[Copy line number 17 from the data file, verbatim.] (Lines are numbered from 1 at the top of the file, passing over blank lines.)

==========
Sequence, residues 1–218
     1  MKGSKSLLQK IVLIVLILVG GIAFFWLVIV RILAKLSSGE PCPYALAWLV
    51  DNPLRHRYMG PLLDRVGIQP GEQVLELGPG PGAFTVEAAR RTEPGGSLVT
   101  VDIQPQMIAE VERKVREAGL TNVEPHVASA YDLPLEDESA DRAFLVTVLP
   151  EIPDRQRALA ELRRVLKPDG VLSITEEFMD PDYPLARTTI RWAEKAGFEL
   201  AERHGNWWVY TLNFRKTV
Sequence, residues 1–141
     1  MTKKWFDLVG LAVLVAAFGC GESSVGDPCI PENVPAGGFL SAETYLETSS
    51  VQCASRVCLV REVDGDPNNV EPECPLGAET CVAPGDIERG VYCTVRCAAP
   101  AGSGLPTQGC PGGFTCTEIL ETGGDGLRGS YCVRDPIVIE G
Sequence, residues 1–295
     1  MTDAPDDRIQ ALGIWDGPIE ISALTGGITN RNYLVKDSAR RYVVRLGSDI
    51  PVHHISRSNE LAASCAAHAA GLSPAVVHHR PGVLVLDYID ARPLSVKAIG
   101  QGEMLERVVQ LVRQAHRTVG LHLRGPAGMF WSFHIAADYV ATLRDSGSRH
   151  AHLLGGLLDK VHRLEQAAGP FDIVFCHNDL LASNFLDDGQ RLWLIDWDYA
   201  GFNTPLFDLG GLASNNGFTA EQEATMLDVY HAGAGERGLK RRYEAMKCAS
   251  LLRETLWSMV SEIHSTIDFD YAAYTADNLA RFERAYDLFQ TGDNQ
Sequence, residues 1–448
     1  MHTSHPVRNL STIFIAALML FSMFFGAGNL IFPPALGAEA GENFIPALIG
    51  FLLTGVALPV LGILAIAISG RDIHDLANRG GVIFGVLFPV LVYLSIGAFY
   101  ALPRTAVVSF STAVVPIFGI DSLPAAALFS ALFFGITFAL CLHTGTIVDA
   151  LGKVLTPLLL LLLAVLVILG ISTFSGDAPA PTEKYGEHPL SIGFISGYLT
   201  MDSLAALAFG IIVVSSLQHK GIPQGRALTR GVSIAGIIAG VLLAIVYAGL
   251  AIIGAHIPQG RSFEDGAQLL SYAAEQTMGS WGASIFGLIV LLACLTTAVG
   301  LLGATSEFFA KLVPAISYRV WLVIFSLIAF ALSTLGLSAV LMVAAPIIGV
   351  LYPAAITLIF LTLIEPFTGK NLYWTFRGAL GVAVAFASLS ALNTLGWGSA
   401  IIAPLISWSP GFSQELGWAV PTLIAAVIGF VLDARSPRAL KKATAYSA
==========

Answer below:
   251  LLRETLWSMV SEIHSTIDFD YAAYTADNLA RFERAYDLFQ TGDNQ